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SarWatch Writer
Celebrating International Women’s Day 2020: Changing the gender face of the extractive industries

Twenty-five years after the Beijing Declaration, we look back and reflect on progress made towards advancing the goals of equality, development and peace for all women, particularly those in the extractive sector in Southern Africa.

The UN International Women’s Day 2020 theme is” I am Generation Equity: Realizing Women’s Rights”. In her statement for International Women’s Day (8 March), UN Women Executive Director Phumzile Mlambo-Ngcuka highlights 2020 as the year for gender equality and calls on everyone to tackle the persistent barriers against gender equality. [1] One sector of the economy where efforts are needed is the extractive industries.

Mining is a key economic sector for most SADC countries. It is also one of the biggest employers and potentially a major contributor to economic growth and development. SADC has positioned mining as a key sector for the achievement of national and regional goals such as industrialisation. SADC is committed to the UN Sustainable Development Goals (SDGs) and, at continental level, to the AU Agenda 2063. SDG goal five focusses on achieving gender equality and empowerment of all women and girls in all sectors, including the extractive industries. However, achieving gender equality and women’s empowerment is integral into each of the 17 goals.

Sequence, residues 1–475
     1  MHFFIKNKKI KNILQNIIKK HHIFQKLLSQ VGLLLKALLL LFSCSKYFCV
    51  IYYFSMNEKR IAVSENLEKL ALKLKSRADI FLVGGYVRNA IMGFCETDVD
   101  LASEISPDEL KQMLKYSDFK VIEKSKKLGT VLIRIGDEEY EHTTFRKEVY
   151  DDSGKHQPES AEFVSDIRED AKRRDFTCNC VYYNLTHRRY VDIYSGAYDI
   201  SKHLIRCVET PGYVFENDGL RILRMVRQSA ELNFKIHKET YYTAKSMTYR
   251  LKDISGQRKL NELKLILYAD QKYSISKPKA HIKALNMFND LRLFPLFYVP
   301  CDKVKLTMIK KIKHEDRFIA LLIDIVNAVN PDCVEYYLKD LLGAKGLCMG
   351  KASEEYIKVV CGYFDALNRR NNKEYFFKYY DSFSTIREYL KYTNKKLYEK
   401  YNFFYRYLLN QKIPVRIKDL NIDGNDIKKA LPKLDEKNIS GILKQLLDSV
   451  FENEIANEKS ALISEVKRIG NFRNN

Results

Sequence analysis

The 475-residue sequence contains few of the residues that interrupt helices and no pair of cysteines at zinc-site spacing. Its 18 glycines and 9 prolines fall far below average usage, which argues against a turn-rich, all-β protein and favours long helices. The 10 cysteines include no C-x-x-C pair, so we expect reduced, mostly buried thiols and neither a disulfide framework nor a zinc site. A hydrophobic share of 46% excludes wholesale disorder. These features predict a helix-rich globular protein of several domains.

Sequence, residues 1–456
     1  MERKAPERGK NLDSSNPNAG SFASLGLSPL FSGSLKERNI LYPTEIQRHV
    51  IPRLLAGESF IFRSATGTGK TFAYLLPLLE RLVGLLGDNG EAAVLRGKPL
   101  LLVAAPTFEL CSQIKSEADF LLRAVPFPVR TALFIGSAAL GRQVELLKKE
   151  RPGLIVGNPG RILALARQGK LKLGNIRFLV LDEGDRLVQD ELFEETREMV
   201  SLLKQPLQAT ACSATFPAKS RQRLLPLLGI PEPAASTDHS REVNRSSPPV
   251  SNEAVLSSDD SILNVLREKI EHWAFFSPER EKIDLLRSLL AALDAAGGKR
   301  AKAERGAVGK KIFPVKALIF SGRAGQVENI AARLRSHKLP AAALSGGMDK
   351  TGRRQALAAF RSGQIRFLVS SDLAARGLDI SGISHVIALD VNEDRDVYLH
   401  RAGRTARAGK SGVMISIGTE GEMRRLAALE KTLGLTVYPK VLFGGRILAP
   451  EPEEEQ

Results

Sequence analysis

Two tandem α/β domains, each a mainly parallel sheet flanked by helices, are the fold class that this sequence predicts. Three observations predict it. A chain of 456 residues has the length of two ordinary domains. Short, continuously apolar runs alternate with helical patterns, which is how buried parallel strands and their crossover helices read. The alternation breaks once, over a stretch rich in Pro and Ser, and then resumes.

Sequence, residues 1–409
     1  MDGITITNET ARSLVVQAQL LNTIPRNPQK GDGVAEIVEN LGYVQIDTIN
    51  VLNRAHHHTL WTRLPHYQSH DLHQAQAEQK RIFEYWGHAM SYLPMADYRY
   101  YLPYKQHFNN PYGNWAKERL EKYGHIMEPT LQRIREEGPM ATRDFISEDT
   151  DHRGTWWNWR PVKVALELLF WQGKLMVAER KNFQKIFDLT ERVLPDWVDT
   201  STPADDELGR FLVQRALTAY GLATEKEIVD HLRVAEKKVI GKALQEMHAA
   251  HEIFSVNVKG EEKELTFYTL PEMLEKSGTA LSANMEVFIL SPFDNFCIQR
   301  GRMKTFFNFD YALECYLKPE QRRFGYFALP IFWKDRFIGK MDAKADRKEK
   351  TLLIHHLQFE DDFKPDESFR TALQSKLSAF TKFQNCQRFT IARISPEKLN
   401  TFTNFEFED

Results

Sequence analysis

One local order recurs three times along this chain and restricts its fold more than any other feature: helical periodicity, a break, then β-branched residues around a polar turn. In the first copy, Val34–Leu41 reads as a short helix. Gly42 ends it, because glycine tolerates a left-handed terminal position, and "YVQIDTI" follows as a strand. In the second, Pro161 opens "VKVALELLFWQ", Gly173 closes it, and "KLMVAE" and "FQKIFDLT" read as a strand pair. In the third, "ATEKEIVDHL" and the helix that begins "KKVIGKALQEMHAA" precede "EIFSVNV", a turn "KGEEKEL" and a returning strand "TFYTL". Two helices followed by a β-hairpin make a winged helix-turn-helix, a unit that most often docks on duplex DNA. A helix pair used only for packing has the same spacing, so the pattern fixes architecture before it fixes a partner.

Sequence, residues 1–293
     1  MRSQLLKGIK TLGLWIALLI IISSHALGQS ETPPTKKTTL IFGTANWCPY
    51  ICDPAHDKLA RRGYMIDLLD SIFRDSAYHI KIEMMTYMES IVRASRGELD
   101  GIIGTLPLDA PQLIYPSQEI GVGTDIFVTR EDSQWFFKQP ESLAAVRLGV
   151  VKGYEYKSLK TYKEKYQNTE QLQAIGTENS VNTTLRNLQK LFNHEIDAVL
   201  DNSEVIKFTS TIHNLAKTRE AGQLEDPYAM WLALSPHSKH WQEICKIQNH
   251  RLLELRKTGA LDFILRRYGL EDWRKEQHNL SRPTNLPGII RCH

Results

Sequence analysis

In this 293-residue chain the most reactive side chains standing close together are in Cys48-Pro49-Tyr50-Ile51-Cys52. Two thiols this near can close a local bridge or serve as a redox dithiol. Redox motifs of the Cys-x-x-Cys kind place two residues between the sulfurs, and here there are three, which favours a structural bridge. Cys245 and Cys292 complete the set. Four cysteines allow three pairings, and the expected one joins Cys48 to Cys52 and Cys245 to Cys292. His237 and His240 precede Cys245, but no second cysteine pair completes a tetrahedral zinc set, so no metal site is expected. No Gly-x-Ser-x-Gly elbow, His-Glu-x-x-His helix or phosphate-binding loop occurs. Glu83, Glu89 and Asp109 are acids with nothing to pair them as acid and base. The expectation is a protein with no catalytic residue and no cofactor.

At the regional level, SADC has adopted the SADC gender protocol. The extractive industry is a sector where women suffer particular exclusion and marginalisation. The analysis of the extractive industries does not take account of the fact that African societies are themselves unequal, and that access to material benefits is dictated by internal divisions defined by power relations. While the gender dimension has become an important variable in almost all sectors, it has not been critically looked at in the extractive industries. The sector has not significantly transformed. There are still myths around mining and women, and the appreciation of men and women in the mining sector differs greatly. This difference affects the jobs and responsibility women are expected to hold in a mining company, reinforcing employment segregation by gender. When visiting a mining company, the impression one gets is that women are concentrated in low-productivity jobs — administration, catering, and cleaning. These are underpaid sectors. Even when women rise to positions of power in the mining company, they are not paid the same as their male counterparts.